Right off, he wants to talk about that Boston Globe article with the pigeons. His outrage is still raw. He’s particularly miffed that he was called “broke.” He wants me to know he’s flush and always has been. He has, at the ready, a notarized letter from Fleet Bank in Brookline dated 14 years ago, stating: “six months avg balance in this checking account has been $15,618.00.”
The story at one point involves the main characters fleeing knife-wielding thugs in the streets of Rio, because of course.

I enjoyed the bits of literary info highlighted in the piece---Kidd praising and recommending Fernando Pessoa's poetry collection A Little Larger Than the Entire Universe (a copy of which has remained here on my desk for months); discussions about what Kidd calls "antic" novels like Don Quixote and Tristram Shandy; and Kidd's devotion to translating an obscure 19th century Brazilian novel, The Slave Isaura.

The piece notes how, in the wake of Kidd's disappearance, the world of Joyce scholarship eventually shifted toward accepting the Gabler edition of Ulysses that Kidd poked so many holes in. Certainly that sentiment was on display in the opening remarks of the Antwerp conference where Gabler received an adulatory introduction before he delivered a presentation on the insanely tedious difficulties involved in trying to derive an authoritative edition of Ulysses. He actually brought up the Joyce wars at one point, sort of brushing it off as drama nobody wanted to hear about.

Yet throughout the lecture and the relatively quiet Q&A afterwards, I kept thinking that so many people in the room must be pondering what I'm pondering: "What ever happened to John Kidd?" And then the next day this piece pops up, sending ripples among the attendees. It must have made an impact in the States because many conference folks, myself included, had friends and family coming out the woodwork to send them this NYT feature.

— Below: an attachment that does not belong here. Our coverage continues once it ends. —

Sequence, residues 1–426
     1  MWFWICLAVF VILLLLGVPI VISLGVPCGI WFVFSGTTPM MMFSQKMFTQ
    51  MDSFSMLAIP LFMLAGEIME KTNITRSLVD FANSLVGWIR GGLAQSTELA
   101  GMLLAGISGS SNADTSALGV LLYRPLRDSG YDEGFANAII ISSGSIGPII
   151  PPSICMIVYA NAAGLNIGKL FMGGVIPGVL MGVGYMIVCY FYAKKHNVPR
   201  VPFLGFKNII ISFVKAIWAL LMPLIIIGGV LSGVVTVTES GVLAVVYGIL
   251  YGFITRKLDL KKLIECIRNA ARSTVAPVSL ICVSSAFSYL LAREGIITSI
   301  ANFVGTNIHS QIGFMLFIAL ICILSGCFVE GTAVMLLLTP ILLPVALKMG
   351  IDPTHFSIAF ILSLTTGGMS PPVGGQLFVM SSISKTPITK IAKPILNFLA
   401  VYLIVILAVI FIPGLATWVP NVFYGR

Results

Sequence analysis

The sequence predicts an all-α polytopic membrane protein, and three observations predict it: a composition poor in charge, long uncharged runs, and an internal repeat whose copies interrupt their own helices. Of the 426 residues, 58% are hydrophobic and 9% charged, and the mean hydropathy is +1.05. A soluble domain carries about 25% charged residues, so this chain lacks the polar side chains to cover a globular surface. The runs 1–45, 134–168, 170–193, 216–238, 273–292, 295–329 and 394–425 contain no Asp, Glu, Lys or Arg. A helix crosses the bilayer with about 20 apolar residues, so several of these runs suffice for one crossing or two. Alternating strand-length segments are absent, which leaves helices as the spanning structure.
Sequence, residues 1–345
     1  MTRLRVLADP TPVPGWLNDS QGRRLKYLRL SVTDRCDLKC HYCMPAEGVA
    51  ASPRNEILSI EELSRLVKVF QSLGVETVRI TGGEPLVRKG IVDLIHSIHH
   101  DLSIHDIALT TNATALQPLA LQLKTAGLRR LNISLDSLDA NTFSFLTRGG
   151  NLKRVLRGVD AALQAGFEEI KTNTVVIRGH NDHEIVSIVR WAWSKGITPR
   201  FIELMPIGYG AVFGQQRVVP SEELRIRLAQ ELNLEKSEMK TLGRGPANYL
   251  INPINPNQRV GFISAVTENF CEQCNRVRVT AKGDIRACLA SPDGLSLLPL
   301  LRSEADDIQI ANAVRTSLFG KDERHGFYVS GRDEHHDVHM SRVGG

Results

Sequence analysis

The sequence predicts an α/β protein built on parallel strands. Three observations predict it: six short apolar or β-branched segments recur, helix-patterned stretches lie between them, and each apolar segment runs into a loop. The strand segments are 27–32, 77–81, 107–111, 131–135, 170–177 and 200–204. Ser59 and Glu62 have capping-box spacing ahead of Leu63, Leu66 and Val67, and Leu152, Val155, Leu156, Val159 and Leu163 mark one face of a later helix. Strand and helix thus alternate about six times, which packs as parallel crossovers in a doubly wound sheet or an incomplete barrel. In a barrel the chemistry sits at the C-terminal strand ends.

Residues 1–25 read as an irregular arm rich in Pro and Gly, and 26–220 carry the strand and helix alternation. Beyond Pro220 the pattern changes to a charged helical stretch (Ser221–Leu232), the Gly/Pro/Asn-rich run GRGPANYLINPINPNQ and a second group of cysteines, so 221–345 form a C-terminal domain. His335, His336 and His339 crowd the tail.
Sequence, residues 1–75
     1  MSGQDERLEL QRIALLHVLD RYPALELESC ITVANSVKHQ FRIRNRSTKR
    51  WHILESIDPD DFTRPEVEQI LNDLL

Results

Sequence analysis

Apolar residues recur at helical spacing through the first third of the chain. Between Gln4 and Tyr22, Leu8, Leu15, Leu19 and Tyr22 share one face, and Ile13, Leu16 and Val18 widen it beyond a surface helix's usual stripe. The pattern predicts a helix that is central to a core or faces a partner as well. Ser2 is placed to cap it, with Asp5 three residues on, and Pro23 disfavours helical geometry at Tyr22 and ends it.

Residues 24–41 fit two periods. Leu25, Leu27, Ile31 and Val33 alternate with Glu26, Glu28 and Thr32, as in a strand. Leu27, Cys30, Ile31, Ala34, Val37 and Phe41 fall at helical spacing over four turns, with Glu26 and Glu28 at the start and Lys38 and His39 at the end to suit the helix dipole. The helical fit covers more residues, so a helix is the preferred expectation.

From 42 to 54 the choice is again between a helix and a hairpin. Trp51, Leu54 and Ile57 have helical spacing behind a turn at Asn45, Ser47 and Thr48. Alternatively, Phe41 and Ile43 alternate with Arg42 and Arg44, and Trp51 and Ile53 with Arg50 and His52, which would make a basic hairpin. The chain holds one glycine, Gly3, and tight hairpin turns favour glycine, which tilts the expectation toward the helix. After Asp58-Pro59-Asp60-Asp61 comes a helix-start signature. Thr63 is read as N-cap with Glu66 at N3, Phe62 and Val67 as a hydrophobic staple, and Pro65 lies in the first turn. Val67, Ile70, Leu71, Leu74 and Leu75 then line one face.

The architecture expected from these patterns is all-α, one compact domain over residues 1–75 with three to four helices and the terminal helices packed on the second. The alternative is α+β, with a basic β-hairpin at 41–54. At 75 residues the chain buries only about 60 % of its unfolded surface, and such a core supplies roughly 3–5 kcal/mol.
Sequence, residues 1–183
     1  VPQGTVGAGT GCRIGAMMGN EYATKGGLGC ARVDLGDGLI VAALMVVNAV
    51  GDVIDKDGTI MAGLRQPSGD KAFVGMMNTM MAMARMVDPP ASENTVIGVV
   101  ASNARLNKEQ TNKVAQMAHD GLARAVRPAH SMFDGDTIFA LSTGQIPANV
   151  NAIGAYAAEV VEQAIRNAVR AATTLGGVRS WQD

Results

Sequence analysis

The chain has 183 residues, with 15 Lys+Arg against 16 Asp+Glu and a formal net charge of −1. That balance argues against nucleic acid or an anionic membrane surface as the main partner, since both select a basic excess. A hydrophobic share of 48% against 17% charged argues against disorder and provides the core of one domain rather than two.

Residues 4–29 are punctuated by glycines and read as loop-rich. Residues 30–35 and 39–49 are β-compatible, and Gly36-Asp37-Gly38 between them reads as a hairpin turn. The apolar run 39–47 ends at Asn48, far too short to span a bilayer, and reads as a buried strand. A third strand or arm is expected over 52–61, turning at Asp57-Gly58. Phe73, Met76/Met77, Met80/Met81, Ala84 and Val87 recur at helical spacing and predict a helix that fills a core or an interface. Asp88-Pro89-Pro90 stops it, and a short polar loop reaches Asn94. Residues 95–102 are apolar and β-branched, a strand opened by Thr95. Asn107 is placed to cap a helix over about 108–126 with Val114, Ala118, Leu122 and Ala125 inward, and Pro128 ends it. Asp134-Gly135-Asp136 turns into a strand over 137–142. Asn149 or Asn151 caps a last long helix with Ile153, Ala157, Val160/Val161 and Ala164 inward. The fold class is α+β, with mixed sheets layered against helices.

Perhaps the buzz around this surprise profile will reinvigorate interest in bringing out Kidd's edition of Ulysses, but more likely, as the article hints at, it'll never see the light of day. Though a draft version, complete with Kidd's introduction, apparently exists somewhere, its fate got all tangled up in the bureaucratic webs of editors and lawyers and it is now likely dead. Discussing this story with Tom Jackson and Michael The OG over at the RAWillumination blog, it occurred to me that I own 4 copies of Ulysses, but I don't have the Gabler edition. As Gabler himself emphasized at the end of his talk, Ulysses remains an open text.

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Artist Peter O'Brien's Efforts to "arabesque the page" (FW p. 115)

Among the many great works of Joyce-inspired artwork on display at the Antwerp conference was the ongoing series of illustrated annotated Finnegans Wake pages being produced by Peter O'Brien of Toronto. Here's a glimpse at the exhibit in the old stone hallways of the University of Antwerp building:

O'Brien recently wrote a feature in the The Globe and Mail discussing his the project and his 40 years of reading the Wake, sharing insights into some of the pieces, as in this note about page 204: "I asked a friend to make two footprints on this page, first at the bottom and then at the top. Only later did I see the word “Barefoot” imprinted on the page."

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Massive Chronology of Joyce-Inspired Music Published